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Contact Adhesives . A fastest and easy way for Bonding


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What is Contact Adhesive ? …

What is Contact Adhesive ?
A bonding agent that is applied to two surfaces and allowed to dry before being pressed together or
A liquid adhesive which dries to a film that is tack-free to other materials but not to itself. The adhesive is applied to both surfaces to be joined and dried at least partially. When pressed together at light to moderate pressure, a bond of high initial strength results.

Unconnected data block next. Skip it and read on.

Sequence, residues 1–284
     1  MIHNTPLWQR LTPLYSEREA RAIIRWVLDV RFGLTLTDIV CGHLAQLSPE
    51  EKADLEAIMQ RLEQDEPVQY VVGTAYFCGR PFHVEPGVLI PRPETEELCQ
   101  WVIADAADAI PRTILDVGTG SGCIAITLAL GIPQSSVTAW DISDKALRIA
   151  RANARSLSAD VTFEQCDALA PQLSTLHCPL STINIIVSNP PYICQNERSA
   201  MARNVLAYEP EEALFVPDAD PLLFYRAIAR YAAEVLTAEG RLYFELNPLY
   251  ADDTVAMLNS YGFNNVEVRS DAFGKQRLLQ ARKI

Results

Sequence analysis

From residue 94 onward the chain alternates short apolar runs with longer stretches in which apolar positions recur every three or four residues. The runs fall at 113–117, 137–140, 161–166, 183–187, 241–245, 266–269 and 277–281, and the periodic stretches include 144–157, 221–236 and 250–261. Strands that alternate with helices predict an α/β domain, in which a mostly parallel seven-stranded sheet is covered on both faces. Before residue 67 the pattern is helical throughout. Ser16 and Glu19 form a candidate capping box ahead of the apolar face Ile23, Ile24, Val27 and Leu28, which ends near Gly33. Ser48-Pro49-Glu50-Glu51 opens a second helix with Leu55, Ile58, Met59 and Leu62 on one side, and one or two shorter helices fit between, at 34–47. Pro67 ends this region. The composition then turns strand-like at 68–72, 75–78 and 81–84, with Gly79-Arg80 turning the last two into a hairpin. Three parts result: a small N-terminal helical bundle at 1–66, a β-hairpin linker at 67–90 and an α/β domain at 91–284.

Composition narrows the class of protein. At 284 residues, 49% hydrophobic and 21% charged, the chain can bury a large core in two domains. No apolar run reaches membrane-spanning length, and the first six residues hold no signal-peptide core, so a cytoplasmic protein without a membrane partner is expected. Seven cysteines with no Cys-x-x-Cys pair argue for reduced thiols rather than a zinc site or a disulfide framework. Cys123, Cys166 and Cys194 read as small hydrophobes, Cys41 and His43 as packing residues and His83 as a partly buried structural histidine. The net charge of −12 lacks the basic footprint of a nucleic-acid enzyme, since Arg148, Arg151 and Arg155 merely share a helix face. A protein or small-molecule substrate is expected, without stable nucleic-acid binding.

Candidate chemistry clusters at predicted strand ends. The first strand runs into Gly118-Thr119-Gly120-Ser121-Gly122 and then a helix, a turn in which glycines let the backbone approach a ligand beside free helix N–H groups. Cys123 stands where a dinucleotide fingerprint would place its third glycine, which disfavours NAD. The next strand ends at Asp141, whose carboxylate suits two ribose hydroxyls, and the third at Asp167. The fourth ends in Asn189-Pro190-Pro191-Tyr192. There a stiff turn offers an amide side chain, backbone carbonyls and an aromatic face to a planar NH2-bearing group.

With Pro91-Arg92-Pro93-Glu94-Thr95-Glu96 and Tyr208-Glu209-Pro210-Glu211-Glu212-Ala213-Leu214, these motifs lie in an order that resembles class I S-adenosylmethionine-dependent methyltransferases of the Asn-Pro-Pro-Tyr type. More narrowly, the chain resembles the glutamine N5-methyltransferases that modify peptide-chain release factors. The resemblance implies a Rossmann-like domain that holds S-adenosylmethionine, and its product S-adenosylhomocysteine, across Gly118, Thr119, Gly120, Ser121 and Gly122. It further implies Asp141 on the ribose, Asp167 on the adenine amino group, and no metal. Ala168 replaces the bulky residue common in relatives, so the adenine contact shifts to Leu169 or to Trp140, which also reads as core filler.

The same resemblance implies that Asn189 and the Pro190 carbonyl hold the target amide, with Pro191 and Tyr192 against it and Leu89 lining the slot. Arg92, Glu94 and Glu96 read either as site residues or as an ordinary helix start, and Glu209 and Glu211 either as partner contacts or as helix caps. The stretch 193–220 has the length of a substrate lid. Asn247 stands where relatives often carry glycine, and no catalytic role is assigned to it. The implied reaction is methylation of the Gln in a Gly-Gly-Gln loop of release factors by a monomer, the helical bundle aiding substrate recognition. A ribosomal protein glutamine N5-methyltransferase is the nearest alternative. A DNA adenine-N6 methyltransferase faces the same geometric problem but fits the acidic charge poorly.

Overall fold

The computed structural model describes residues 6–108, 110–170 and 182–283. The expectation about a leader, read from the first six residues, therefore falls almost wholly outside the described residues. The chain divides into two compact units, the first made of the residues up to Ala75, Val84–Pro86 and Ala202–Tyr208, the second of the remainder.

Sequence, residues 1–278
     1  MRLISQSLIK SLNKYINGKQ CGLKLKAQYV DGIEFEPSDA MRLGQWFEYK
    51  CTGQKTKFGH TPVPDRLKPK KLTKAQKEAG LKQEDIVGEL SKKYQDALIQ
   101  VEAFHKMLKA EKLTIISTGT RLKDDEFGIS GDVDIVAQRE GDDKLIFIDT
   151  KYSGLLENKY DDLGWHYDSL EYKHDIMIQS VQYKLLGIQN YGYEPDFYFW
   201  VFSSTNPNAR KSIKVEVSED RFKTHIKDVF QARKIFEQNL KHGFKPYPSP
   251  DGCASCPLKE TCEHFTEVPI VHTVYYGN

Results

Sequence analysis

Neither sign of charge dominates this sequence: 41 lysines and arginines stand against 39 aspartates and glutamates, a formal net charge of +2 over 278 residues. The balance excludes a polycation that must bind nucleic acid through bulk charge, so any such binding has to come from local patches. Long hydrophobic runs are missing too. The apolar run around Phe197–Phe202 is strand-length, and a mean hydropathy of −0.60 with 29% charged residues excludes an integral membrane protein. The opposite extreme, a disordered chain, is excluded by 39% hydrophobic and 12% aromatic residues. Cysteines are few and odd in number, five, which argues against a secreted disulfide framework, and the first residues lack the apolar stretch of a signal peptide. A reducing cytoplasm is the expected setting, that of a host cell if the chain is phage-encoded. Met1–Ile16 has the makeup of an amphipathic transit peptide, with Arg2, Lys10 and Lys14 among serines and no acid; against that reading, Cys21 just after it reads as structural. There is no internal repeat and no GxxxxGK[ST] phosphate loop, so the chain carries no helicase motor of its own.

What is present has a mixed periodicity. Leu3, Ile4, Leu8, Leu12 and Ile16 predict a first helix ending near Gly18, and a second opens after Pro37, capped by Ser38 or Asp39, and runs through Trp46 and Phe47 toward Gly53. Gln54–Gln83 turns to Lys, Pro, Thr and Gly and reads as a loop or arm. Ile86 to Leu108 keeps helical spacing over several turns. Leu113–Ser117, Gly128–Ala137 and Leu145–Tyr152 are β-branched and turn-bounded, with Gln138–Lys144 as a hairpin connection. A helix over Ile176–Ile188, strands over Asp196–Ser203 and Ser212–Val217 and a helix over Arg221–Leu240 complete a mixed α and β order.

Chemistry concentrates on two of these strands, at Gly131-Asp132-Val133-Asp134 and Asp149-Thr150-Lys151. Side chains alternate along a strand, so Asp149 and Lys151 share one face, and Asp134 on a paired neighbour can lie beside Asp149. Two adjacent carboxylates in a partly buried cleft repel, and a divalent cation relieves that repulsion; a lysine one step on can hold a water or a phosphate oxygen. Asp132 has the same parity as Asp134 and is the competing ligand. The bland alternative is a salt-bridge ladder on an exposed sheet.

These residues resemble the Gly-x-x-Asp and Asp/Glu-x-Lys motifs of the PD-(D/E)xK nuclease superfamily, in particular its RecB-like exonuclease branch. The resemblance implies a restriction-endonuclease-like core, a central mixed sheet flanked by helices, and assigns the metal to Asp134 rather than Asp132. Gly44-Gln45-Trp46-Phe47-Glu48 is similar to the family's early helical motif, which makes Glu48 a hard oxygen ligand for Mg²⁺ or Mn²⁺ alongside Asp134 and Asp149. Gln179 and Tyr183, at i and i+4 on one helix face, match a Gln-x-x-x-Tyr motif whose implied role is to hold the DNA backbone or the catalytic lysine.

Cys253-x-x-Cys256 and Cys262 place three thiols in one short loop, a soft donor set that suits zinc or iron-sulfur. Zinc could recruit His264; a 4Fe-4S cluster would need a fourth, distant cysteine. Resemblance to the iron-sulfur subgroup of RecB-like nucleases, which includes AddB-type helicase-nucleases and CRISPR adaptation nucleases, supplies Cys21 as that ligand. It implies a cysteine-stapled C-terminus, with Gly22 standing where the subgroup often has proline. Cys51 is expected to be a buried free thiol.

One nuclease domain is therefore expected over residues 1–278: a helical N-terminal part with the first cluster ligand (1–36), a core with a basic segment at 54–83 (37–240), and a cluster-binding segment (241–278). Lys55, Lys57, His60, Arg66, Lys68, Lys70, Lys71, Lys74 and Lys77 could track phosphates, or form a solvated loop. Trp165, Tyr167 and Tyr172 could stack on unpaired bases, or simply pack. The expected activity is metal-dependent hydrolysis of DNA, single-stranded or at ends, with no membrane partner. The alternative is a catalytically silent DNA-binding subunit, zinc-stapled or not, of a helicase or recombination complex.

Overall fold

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  • 1. Let us understand what is meant by Contact Adhesive and how is it different from Pressure Sensitive Adhesive What is Contact Adhesive ? A bonding agent that is applied to two surfaces and allowed to dry before being pressed together or A liquid adhesive which dries to a film that is tack-free to other materials but not to itself. The adhesive is applied to both surfaces to be joined and dried at least partially. When pressed together at light to moderate pressure, a bond of high initial strength results. What is Pressure Sensitive Adhesive ? PSA is adhesive which forms bond when pressure is applied to marry the adhesive with the adherent. No solvent, water, or heat is needed to activate the adhesive. Pressure sensitive adhesives (PSA) adhere to most surfaces with very slight pressure. Pressure sensitive adhesives form viscoelastic bonds that are aggressively and permanently tacky at room temperature. They adhere with just finger or hand pressure and do not require activation by water, solvent or heat. Now let us know more about Contact Adhesives in this bulletin. Contact adhesive is widely used because of it’s easy application, fast setting properties, and excellent adhesion to many different substrates. The contact adhesive is coated on both surfaces to be joined. After the carrier/ solvent evaporates, the two surfaces are brought together under slight pressure, and the adhesive bonds to itself. A high degree of handling strength occurs immediately, and the joint strength increases further with time. Contact adhesives are available with solvent or water based Technology. The base polymer is generally poly Chloroprene, but Polyurethane, Styrene Butadiene Rubber, Natural rubber , Butyl Rubber and Acrylic polymers are also used. Rubber and elastomers are characterized by their high degree of 1 Contact Adhesive Date : 16 JAN 2014 Page No : PCP 003